Migrant tragedies leave Lesbos fishermen fearing for the future
Their livelihood depends on the deep blue Aegean waters they have navigated since childhood but the fishermen of Lesbos today dread what they will find in their nets.
The waters around this Greek island have become a graveyard this year for hundreds of people, including children and infants, seeking safety and a better future in Europe.
“We are afraid to sail out because we might find the bodies of children or run into armed traffickers,” says Christos Dimos, a grizzled fisherman in his sixties who has spent all his life in the northern Lesbos village of Molyvos.
Like many other villages on the island’s northeastern flank facing Turkey, Molyvos has found itself on the front line of the greatest migration crisis facing Europe since World War II.
Nearly 800,000 people have made the perilous journey across the Mediterranean this year so far and more than 3,400 people have died or gone missing trying to reach Europe, according to the International Organisation for Migration.
– ‘A tragedy every day’ –
Greece’s junior interior minister for migration, Yiannis Mouzalas, on Friday said more than 100 people had died in the Aegean in the last seven months.
“There is a tragedy every day,” Mouzalas said during a visit to the Italian island of Lampedusa, which handles an equally heavy strain of migration from Libya.
The fishermen of Lesbos say their way of life had already been dramatically affected by the economic crisis gripping Greece since 2010, which for them means higher fuel tax and falling incomes.
Now they fear that the mounds of flotsam left behind in the migration wave could impact fishing stocks.
“Petrol and debris seep into the depths of the sea and considerably pollute fishing waters,” says Nikos Katakouzinos, a fisherman from the coastal village of Skala Sykamineas.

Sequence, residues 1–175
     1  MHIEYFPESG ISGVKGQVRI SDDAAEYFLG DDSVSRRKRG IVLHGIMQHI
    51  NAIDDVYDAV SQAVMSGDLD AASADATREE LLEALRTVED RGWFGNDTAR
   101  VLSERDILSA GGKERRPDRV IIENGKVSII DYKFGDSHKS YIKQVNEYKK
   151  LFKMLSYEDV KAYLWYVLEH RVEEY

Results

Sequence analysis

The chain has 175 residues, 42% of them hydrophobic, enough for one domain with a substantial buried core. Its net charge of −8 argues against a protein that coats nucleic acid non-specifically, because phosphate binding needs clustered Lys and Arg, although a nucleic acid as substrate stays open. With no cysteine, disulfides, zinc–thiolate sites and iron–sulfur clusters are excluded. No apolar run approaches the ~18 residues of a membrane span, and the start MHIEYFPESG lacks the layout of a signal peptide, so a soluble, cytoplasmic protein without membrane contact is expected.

“Perhaps in a few years we will have killed all marine life and will have to seek a job elsewhere,” he muses.
“Our nets are damaged by driftwood and plastic from the migrant boats that sank,” says Dimos.
And if tourists are discouraged from visiting the island next year because of the migrant influx, things could get worse for the locals.
– Rescues now ‘routine’ –
Depressed or not, the fishermen do not hesitate to plunge headlong into the rescue when migrants are in peril in the stretch of water they know inside out.
“When you see a boat sinking with children on board, you cannot help being upset…you have to act,” says Dimos.
On October 30, Katakouzinos says he jumped into action when he spied a boat with 200 people on board in difficulty a short distance from his village.
“I had not sailed out that day, there were winds of 50-75 kilometres (30-46 miles) an hour blowing,” he recalls.
“I was walking around the port at 7 am that day, and I saw this boat sinking. I rushed to it without thinking even though it was risky. We managed to get everybody ashore, safe and sound. It was a good day,” he says.
“Sadly, rescuing migrants has become routine here,” says Katakouzinos, noting that the coastguard has just two vessels stationed in the area and often turns to them for help.
Greek daily Ethnos earlier this week had a similar story from the island of Chios, where fisherman Stefanos Zannikos recently braved gale-force winds to save 80 people including 20 children.
“The men in the boat were throwing the children (over to us) like basketballs,” Zannikos told the daily.
“One pregnant woman was soaked to the bone and was shivering like a fish. I covered her with a blanket but she continued to shiver, so I took off my socks and gave them to her. She had turned blue,” the 49-year-old father of three said.
However, on October 28, 29 people including 14 children died off Lesbos.
“I had never seen such a tragedy before,” says Katakouzinos, his voice cracking.
“Winter is just beginning. A lot more people are likely to drown,” he adds.
The fisherman’s face darkens when he talks about the traffickers who profit from the migrants’ misery, packing them into unseaworthy dinghies that cannot withstand deteriorating weather conditions in the Aegean.
“Even when the sea is raging and the waves are two metres high, they are not bothered,” he says.
“They send the migrants without caring about their fate. For how long will they be allowed to get away with it?” he asks.
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